Sunday Times Cryptic No 5079 — Anchors aweigh!

At first, I stared blankly at this for some time. I didn’t much mind, as it augured an interesting outing. But I was very eager to sail through the four broad lanes traversing the grid all the way, and the clues for those were opaque. I first got the lower Across anagram (wordplay!), but was really underway only after I saw that the two Downs were both CDs (my old nemesis!), instead of either of the two-word answers’ two-word clues’ being a DD (which could have been maddening). Finished in one go after all, refreshed and with no complaints.

I indicate (Ars Magna)* like this, and italicize anagrinds in the clues.

 1 Branch backing bank’s closure (4)
FORK    FOR, “backing” + [-ban]K   …My childhood home (my only niece lives there now) was the one-stor(e)y house at 327 Back Fork Street, Webster Springs, W.Va., and the Back Fork of Elk River runs right by. The street was—is—a cul de sac with a path to a swinging bridge at the end.
 3 Footnote about each nose that may be blown (10)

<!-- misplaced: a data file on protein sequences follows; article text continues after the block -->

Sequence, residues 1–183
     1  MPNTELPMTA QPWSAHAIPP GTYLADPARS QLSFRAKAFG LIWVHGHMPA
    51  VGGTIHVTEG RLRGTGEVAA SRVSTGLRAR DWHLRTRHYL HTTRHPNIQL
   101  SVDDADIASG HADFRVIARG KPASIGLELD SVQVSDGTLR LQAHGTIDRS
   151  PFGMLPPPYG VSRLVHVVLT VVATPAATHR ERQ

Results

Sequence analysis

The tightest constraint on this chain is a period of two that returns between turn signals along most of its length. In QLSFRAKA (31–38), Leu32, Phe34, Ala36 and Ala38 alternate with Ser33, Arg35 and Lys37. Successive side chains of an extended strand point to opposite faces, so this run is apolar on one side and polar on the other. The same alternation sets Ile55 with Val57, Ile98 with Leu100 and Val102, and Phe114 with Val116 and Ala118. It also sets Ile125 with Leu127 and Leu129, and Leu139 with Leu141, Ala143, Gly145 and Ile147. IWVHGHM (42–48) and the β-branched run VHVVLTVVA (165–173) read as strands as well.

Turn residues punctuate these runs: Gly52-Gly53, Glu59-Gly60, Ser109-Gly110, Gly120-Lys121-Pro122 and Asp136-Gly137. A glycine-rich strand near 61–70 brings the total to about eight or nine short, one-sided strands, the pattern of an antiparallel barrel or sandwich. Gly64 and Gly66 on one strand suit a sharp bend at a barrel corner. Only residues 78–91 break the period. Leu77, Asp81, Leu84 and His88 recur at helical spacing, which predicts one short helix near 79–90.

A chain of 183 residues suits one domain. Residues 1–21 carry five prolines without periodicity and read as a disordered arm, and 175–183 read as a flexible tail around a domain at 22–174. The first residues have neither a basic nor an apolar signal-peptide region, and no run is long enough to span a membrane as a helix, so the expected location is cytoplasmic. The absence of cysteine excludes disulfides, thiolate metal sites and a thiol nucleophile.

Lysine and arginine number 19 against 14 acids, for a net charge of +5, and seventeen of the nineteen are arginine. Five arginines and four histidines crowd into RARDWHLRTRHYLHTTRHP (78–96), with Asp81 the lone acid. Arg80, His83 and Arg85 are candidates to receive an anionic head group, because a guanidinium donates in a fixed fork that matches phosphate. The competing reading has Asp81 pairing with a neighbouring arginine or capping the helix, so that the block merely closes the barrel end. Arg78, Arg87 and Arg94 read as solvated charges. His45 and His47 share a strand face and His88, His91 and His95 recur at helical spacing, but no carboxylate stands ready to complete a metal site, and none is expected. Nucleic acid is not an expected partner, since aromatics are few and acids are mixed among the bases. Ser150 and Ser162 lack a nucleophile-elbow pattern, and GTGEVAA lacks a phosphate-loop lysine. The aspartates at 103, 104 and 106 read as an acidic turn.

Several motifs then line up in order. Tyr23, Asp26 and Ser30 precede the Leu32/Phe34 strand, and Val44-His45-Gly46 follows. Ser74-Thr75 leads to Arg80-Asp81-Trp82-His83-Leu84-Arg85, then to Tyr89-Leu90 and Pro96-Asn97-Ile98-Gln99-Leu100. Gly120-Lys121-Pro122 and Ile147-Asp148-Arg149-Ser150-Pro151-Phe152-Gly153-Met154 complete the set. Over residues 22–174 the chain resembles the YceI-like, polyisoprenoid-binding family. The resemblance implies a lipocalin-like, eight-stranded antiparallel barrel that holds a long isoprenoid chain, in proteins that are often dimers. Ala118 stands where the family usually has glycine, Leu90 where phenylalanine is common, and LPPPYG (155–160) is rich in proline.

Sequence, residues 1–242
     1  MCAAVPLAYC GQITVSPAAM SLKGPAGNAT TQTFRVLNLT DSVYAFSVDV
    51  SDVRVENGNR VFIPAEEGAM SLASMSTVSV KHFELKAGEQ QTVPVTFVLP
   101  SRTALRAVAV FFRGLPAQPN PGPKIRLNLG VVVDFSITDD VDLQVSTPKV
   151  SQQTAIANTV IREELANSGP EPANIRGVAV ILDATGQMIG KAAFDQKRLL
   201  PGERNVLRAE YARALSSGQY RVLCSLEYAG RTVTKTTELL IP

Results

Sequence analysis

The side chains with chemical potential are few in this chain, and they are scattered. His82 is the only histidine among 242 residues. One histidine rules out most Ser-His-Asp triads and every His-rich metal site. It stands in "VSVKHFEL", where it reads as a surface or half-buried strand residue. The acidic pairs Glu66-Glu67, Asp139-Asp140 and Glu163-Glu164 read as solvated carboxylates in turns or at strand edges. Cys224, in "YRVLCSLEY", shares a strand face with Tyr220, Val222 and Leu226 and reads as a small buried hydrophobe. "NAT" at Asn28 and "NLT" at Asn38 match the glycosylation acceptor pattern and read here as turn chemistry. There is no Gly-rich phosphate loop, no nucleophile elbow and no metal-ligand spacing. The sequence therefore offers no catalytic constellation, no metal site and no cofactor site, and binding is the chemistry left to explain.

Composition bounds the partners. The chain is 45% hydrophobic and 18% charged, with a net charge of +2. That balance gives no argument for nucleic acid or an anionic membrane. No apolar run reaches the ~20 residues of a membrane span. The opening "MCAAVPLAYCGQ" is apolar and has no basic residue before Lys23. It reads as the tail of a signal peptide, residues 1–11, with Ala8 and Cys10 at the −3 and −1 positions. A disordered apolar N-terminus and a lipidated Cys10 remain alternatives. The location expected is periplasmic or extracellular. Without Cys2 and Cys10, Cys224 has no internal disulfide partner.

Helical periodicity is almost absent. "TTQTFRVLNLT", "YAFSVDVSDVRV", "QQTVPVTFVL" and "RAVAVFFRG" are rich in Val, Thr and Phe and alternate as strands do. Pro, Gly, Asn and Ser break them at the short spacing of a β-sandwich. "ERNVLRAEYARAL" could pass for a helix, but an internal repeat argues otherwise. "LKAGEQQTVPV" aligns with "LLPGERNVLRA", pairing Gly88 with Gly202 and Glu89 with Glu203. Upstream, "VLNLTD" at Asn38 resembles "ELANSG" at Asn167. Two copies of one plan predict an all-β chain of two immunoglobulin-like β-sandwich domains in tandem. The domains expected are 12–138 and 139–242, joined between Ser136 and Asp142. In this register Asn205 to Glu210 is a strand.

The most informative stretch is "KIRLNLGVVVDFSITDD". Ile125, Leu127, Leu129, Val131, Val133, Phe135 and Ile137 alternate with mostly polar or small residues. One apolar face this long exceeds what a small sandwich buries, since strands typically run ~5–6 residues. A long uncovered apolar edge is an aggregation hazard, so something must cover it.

10 Country squire in harbour, but heading off (9)
11 Buzz is missing from this drink (5)
12 Christmas Eve, so I shot Nipper’s picture (3,7,5)
HIS MASTERS VOICE    (Christmas Eve, so I)*   “Nipper” was the name of the dog shown in the famous painting with this title by the English artist Francis Barraud, which was appropriated as logos for, first (1899), a record label of the same name, and then “the Victor Talking Machine Company, later known as RCA Victor. The painting was originally offered to James Hough, manager of Edison-Bell in London, but he declined, saying ‘dogs don’t listen to phonographs’. Barraud subsequently visited The Gramophone Co. of Maiden Lane in London where the manager William Barry Owen offered to purchase the painting if it were revised to depict their latest Improved Gramophone model. Barraud obliged, and Owen bought the painting from Barraud for £100”—according to Wikipedia, whose entry tells us earlier, “In the original, unmodified 1898 painting, the dog was listening to a cylinder phonograph.”   …Never knew the hound’s name!
13 Mike leaves to repair piping (5)
14 Film precisely frames communist soldiers (8)
PREDATOR    PAT, “precisely” around RED, “communist” + OR, “soldiers” (Other Ranks)